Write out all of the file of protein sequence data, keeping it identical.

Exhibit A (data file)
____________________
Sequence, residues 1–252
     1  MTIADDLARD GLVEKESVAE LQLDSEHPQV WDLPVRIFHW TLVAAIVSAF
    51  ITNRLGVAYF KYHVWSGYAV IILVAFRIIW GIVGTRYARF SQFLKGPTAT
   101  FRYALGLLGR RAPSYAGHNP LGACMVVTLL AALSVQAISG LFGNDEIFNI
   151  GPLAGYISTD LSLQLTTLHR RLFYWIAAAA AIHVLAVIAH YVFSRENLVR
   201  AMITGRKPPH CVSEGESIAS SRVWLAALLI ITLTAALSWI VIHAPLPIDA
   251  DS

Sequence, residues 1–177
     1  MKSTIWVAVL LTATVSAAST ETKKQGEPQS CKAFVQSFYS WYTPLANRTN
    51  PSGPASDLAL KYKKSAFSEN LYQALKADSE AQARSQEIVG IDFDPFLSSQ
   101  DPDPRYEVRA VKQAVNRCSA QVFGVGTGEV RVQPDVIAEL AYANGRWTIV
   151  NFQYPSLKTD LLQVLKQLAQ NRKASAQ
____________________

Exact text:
Sequence, residues 1–252
     1  MTIADDLARD GLVEKESVAE LQLDSEHPQV WDLPVRIFHW TLVAAIVSAF
    51  ITNRLGVAYF KYHVWSGYAV IILVAFRIIW GIVGTRYARF SQFLKGPTAT
   101  FRYALGLLGR RAPSYAGHNP LGACMVVTLL AALSVQAISG LFGNDEIFNI
   151  GPLAGYISTD LSLQLTTLHR RLFYWIAAAA AIHVLAVIAH YVFSRENLVR
   201  AMITGRKPPH CVSEGESIAS SRVWLAALLI ITLTAALSWI VIHAPLPIDA
   251  DS

Sequence, residues 1–177
     1  MKSTIWVAVL LTATVSAAST ETKKQGEPQS CKAFVQSFYS WYTPLANRTN
    51  PSGPASDLAL KYKKSAFSEN LYQALKADSE AQARSQEIVG IDFDPFLSSQ
   101  DPDPRYEVRA VKQAVNRCSA QVFGVGTGEV RVQPDVIAEL AYANGRWTIV
   151  NFQYPSLKTD LLQVLKQLAQ NRKASAQ